• The attorney fees are typically substantially less to prepare a provisional application than the non-provisional application, depending on the complexity
• Once the Invention Disclosure Questionnaire has been completed by the client, a better estimate of the attorney fees can be provided
• The patent application needs to anticipate as many different ways of practicing the novel aspects of the invention as possible
• The non-provisional application disclosure requirements require at a minimum:
o (1) sufficiently teach others how to “make and use” the invention, and
o (2) show that they were “in possession” as of the date of filing of the entire invention AS CLAIMED in the follow-on nonprovisional application
• There is a risk of not including enough details if no provisional claims are submitted with the provisional patent application
Publication of patent applications is required by the American Inventors Protection Act of 1999. The patent application is generally published 18 months after the filing date. After publication, the patent application is no longer confidential and any member of the public may request access to the entire file history of the application.
A patentee is required to mark articles with the word “patent” and the patent number. Failure to mark means that the patentee may not recover damages from an infringer unless the infringer was notified of the infringement and continued to infringe notice.
Persons with an application for patent in the USPTO may mark articles sold with “Patent Pending” but this has no legal effect, since the protection afforded by a patent only starts with the actual grant of the patent.
• Reasonable royalties and other patent damages are court awarded judgments for successfully proving patent infringement by others on a patent that has been published and later awarded
• Reasonable royalties are only available from the time of publication and only if the infringed claims as published match the claims as issued
Founders have been known to set up LLCs at the earliest stages of their ventures for obvious reasons, including:
For more information, check out our article on What’s the Difference between a C Corp, S Corp, and LLC?
LLCs have some notable limitations and are not the best choice for accelerated growth startups for many reasons, including (but not limited to) the following:
Not so fast! You may run into some problems if you try to convert your LLC into a C corporation at a later date:
This is the essential first step prior to purchasing your Delaware Post Incorporation Documents and issuing stock to founders in your company.
Incorporating in Delaware is the overwhelming popular choice for anyone who is:
With Lloyd & Mousilli's’ Incorporate in Delaware service you will get:
This allocation is so critical and pressing that teams often push themselves to make a decision very early on, with very little information. In fact, a 2016 study, T. & N. Wasserman, The First Deal: The Division of Founder Equity in New Ventures, found that 73% of teams split the equity within the first month of the startup, at the heights of the uncertainty about their startup’s strategy and business model, their roles in it, and their levels of commitment to it. Most of the teams barely spent any time discussing the split, avoiding having the difficult conversations necessary to really understand each other’s potential contributions and intentions. And the majority of them split it statically – meaning the teams didn’t allow for future adjustments as new information emerged about contributions and commitment. This is a classic fallacy that we see too often for first time founders and is highlighted in the Wasserman study.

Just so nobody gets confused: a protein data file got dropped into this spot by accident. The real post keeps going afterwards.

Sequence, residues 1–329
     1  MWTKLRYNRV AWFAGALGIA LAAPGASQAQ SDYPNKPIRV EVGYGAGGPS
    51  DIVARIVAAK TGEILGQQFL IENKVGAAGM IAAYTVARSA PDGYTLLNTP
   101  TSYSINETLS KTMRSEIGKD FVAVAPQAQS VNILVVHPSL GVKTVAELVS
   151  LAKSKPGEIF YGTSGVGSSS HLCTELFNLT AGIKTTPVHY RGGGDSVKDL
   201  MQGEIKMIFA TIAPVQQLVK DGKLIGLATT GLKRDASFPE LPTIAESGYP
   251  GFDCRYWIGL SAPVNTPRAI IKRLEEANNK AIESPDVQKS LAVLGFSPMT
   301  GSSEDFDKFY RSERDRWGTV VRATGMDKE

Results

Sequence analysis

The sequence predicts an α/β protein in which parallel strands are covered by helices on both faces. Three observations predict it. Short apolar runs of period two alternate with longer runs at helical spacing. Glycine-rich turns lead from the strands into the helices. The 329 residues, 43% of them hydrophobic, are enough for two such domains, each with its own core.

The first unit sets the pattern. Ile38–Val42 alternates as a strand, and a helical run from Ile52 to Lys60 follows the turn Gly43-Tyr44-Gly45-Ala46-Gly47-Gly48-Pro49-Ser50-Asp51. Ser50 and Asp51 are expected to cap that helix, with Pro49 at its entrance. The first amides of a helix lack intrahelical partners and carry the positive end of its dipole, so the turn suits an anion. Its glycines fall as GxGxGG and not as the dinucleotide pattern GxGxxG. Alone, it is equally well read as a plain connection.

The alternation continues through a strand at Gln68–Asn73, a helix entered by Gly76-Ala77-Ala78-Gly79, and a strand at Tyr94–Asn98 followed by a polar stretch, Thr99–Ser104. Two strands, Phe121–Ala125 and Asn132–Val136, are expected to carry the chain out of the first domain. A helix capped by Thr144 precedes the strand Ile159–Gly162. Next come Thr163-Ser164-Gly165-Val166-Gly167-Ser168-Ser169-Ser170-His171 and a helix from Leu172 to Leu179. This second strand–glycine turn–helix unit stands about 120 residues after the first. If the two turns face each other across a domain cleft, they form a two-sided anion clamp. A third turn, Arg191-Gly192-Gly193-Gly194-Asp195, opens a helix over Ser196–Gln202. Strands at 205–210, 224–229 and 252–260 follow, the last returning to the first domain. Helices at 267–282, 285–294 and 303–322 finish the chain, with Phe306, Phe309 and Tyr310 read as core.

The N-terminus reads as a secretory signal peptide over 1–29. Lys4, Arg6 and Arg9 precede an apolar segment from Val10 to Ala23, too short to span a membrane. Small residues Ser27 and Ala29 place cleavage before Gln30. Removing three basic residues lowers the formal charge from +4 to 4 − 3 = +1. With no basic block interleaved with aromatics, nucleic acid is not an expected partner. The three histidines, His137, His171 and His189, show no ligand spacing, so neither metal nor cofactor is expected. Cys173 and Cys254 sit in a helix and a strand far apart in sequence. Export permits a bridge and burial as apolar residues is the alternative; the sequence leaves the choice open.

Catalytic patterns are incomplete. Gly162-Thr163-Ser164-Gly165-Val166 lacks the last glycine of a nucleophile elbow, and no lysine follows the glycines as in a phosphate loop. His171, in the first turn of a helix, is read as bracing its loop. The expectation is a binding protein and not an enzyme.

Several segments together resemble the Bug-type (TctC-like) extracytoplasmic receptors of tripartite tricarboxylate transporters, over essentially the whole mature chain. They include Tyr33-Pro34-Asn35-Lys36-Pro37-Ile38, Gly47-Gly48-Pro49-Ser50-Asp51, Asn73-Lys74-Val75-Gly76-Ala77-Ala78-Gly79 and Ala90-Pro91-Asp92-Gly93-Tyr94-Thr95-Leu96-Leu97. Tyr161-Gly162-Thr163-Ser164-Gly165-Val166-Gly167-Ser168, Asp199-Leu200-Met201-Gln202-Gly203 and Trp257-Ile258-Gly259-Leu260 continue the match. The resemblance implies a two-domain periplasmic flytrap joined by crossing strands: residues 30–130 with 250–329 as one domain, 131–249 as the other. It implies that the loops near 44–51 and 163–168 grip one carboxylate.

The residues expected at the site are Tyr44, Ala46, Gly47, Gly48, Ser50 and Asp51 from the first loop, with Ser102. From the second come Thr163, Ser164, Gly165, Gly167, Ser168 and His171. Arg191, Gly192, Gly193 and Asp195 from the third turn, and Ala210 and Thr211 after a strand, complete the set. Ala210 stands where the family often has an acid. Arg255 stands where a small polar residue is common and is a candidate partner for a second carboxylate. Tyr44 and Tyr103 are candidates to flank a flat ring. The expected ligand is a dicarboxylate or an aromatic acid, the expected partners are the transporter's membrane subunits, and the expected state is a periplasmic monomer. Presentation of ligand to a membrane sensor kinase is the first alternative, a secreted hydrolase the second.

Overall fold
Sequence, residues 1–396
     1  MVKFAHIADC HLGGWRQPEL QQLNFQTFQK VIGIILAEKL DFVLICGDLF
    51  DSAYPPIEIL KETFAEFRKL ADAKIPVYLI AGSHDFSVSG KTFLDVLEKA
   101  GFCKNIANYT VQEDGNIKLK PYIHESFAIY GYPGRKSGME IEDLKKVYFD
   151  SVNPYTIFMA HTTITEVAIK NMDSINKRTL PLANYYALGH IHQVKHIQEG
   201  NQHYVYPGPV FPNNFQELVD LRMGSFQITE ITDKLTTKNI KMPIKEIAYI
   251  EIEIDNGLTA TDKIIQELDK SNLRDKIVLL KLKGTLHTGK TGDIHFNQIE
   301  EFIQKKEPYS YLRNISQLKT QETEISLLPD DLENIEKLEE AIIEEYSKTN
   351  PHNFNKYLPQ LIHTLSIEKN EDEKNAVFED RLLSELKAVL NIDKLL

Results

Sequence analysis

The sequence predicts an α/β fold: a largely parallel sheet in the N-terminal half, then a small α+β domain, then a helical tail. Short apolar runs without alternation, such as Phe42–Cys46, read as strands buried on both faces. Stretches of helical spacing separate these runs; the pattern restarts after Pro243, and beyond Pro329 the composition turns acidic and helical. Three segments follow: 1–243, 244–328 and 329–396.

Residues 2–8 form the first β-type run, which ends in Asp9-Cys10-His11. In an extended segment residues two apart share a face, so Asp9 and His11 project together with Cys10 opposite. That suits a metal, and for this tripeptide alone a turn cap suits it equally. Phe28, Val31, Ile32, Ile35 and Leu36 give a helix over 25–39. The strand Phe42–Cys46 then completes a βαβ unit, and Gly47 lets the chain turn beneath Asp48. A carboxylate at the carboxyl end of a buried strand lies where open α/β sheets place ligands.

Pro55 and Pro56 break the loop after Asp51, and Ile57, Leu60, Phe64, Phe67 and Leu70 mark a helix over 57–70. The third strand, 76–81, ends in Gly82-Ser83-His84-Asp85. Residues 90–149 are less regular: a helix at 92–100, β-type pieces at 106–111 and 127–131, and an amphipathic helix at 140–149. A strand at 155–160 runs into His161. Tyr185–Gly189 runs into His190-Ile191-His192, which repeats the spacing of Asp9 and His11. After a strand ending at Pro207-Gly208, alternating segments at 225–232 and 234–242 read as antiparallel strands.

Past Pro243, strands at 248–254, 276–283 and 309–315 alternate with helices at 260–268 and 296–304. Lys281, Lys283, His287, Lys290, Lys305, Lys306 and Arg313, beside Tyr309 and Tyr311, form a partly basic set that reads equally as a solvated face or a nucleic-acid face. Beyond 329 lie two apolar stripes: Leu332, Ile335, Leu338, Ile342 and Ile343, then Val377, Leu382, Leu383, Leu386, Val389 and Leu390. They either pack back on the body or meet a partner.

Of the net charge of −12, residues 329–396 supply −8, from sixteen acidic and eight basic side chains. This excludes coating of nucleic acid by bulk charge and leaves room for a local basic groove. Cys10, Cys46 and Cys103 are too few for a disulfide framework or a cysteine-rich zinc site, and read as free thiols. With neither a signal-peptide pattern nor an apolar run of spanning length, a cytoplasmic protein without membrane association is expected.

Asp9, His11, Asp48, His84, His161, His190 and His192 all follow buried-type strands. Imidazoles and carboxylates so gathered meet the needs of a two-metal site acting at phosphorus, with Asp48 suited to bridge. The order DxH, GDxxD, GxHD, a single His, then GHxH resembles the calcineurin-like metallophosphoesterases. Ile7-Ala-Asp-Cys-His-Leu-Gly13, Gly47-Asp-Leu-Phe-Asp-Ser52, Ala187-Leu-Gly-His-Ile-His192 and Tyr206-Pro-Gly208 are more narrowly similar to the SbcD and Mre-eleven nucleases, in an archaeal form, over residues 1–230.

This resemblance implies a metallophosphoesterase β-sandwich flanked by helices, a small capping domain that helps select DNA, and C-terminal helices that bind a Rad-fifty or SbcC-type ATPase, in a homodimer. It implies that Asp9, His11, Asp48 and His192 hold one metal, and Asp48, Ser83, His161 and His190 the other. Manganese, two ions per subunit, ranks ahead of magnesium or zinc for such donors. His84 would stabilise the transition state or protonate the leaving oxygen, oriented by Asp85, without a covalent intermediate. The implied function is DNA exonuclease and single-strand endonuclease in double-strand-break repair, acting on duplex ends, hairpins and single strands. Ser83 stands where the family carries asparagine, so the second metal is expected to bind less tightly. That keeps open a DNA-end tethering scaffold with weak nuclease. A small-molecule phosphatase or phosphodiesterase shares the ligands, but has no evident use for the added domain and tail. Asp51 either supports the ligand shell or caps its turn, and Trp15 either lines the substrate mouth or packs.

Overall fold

The study refers to teams who split equity equally, without much discussion as “Quick
Handshake” teams. The analysis showed that Quick Handshake teams incurred a significant penalty when raising their first round of financing, either in reduced ability to raise the round or in lower average valuations if they did raise. It's important to note that was only the cost in terms of financing; within the founding teams themselves, the destructive tensions caused by a bad split are often even more devastating.
How can founders avoid the angst, destructive tension, and legal problems that come with a bad equity split? The hard-learned advice was to adopt something more “organic” – something that takes seriously the remaining uncertainties and is able to adjust to their occurrence. The most common “organic” approach is to adopt vesting, in which the individual has to earn his or her equity stake instead of being granted it fully at the time of the split. In the U.S., this vesting is almost always time-based, but about 10% of teams adopt milestone-based vesting, which requires clearly-definable milestones, a concrete division of labor within the team, and other characteristics lacking in many founding teams. Vesting is a huge improvement over the static splits that pervade Silicon Valley. However, in many cases, time is a weak proxy for the creation of value in a startup, making it an imperfect basis on which to split.